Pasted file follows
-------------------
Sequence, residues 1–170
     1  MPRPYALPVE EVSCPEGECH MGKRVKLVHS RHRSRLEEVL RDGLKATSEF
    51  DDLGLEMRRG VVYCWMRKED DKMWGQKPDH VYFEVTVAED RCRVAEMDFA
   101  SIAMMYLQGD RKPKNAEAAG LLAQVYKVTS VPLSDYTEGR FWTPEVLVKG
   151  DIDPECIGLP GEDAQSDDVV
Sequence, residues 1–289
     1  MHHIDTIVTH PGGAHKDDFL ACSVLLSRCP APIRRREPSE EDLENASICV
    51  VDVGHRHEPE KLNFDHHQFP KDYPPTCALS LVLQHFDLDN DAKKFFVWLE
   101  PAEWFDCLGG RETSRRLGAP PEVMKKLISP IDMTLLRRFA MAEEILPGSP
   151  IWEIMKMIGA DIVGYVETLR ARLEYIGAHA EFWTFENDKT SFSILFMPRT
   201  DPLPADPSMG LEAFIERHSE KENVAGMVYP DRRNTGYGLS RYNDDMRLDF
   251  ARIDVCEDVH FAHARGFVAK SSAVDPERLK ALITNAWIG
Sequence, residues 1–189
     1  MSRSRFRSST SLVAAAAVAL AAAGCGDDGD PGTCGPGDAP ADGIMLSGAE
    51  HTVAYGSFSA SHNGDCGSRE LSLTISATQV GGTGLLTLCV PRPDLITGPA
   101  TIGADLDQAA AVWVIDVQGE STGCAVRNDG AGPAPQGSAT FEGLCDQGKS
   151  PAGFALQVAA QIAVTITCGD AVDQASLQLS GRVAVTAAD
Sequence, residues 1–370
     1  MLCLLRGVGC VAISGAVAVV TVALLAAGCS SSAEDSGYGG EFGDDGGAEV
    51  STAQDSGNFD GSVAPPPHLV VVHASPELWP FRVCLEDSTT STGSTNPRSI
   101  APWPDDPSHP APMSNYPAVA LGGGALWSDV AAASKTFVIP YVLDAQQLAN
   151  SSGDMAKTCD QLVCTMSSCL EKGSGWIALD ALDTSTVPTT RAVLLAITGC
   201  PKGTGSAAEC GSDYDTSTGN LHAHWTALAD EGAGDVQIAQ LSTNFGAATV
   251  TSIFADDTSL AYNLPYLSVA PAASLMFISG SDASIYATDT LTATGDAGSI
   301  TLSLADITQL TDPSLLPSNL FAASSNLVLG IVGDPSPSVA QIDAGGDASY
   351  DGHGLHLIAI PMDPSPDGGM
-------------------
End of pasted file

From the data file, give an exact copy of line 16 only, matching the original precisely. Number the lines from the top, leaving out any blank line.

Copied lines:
   101  TIGADLDQAA AVWVIDVQGE STGCAVRNDG AGPAPQGSAT FEGLCDQGKS